Questions about the promises and dangers of technology have recently dominated headlines—but less often covered are the stories of practitioners and start-ups leveraging their know-how to build peace. On May 31, the Justice Sector Training, Research and Coordination Program and the U.S. Institute of Peace hosted a symposium to tackle the difficult questions of how technology can be used to strengthen rule of law, security, community engagement, and relationships between states and the people they serve in developing and conflict-affected areas.

This included a series of expert panels on technology and rule of law, and an exciting networking session with local entrepreneurs that are driving technology forward to meet peacebuilders' needs. Review the conversation on Twitter with #RuleofLawTech.

Welcoming Remarks

Nancy Lindborg
President, United States Institute of Peace

Harry Bader
Acting Executive Director, U.S. Global Development Lab, U.S. Agency for International Development

Hamid Khan
Deputy Director, Rule of Law Collaborative, University of South Carolina

Session One: Innovations in Law Enforcement: Digital Investigative Analysis & Forensic Science: Advances and Setbacks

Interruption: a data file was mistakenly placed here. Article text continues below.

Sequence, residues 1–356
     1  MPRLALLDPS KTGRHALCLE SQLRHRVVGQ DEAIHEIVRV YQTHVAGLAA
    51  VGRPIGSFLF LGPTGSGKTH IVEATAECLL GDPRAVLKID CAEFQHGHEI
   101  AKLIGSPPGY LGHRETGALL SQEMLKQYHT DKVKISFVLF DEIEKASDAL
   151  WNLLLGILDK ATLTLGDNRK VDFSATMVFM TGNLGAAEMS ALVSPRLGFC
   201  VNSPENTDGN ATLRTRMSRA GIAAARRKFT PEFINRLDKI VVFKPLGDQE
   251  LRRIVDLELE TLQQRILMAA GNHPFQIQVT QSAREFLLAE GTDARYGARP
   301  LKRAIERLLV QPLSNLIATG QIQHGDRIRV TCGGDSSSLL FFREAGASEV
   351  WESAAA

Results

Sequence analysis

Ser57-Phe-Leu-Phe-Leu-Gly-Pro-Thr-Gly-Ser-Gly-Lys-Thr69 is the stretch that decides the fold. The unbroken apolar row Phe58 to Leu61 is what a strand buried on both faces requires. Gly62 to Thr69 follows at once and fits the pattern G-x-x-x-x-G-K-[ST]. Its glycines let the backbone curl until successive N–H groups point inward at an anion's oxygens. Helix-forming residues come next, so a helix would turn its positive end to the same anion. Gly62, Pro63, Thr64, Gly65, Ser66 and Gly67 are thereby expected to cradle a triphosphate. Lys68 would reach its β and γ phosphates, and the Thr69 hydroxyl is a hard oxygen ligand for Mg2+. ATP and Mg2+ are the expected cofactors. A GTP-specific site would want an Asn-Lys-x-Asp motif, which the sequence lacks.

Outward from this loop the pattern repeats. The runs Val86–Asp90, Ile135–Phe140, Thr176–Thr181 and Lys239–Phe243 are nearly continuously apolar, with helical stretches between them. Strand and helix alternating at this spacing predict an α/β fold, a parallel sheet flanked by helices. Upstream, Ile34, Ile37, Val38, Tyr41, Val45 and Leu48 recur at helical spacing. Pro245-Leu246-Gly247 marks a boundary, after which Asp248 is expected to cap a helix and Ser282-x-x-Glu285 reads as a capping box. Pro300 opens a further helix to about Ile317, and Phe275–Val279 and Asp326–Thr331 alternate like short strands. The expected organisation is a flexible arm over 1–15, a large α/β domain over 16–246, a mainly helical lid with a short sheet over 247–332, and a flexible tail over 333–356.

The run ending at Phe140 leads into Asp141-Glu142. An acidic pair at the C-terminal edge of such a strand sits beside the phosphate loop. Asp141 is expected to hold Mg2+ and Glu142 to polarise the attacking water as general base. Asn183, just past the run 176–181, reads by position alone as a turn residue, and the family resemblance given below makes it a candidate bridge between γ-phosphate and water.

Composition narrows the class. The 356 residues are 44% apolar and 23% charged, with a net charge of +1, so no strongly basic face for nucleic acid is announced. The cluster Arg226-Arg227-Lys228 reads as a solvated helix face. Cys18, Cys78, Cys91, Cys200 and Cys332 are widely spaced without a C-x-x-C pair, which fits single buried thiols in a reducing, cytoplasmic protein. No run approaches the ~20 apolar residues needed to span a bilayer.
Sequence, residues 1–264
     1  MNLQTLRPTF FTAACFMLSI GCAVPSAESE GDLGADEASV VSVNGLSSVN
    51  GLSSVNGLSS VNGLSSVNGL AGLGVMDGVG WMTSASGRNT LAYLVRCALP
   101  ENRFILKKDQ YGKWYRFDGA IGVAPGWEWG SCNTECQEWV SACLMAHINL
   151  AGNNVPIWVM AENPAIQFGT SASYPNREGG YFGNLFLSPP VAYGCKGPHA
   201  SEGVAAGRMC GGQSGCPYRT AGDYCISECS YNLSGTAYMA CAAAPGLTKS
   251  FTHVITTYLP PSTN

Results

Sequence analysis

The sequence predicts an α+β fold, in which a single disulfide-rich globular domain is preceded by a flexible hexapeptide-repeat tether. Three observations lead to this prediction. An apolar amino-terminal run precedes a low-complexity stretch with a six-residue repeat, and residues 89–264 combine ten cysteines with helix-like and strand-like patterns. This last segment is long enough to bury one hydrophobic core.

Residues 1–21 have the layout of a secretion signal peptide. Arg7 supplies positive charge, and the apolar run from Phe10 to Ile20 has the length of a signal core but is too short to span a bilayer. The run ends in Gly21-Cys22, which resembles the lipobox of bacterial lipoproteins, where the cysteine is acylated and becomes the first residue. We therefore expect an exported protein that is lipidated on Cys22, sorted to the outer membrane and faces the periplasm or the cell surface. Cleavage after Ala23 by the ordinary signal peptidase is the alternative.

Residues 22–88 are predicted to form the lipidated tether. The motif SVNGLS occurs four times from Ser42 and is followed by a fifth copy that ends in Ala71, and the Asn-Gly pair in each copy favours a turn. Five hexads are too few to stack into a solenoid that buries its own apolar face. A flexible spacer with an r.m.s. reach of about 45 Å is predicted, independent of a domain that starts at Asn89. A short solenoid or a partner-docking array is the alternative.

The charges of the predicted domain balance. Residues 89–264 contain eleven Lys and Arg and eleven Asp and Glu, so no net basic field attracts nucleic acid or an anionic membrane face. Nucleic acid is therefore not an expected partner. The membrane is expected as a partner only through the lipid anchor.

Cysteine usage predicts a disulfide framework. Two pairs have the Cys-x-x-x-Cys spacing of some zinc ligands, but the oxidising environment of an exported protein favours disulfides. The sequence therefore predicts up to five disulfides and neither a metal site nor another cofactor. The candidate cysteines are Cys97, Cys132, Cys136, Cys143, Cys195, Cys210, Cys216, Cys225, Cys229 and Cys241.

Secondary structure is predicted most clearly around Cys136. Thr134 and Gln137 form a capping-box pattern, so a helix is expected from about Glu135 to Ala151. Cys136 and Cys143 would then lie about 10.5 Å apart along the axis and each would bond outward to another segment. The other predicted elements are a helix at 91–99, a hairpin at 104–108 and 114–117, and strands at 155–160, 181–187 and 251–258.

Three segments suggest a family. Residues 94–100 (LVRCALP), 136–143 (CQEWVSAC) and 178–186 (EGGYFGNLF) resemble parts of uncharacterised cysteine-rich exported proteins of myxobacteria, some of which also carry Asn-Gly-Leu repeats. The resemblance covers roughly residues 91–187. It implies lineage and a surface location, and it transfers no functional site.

Lindsay Freeman, Moderator
Human Rights Center Research Fellow, School of Law, University of California, Berkeley

Mark D. Mogle
Deputy Assistant Director for Forensics, International Criminal Investigative Training Assistance Program, U.S. Department of Justice

Mark Grantz
Assistant to the Special Agent in Charge, Washington Field Office, U.S. Secret Service

Joe Varani
Digital Investigative Analyst, Cybercrime Lab, U.S. Department of Justice

Exhibitors

Keynote Address

Luis C. deBaca
Former Ambassador-at-Large to Monitor and Combat Trafficking in Persons and Former Director Office of Sex Offender Sentencing, Monitoring, Apprehending, Registering, and Tracking (SMART) U.S. Department of Justice

Session Two: Innovations in Engagement: From Mobile Apps to Social Media

Rohini SrihariModerator
Chief Data Scientist, PeaceTech Lab

Jeffrey Aresty
President, InternetBar.org

Karen Naimer
Director, Program on Sexual Violence in Conflict Zones, Physicians for Human Rights

Antoine Heuty
Founder and CEO, Ulula LLC

Zaid Zaid
Public Policy, Strategic Response, Facebook, Inc.

Session Three: Innovations in E-Governance: From Case Management to Consensus Building

Andrew SolomonModerator
Senior Rule of Law Advisor, U.S. Agency for International Development

Jeff Apperson
Vice President, National Center for State Courts

Julia Glidden
General Manager, IBM Global Business Services - Global Government Industry

Nino Vardosanidze
Senior Legislative and Oversight Manager, Good Governance Initiative, Tetra Tech ARD (Republic of Georgia)

Related Publications

Managing the Secure Release of Sensitive Detainees in Libya

Managing the Secure Release of Sensitive Detainees in Libya

Tuesday, October 8, 2019

By: Fiona Mangan ; Lillian Dang ; Nate Wilson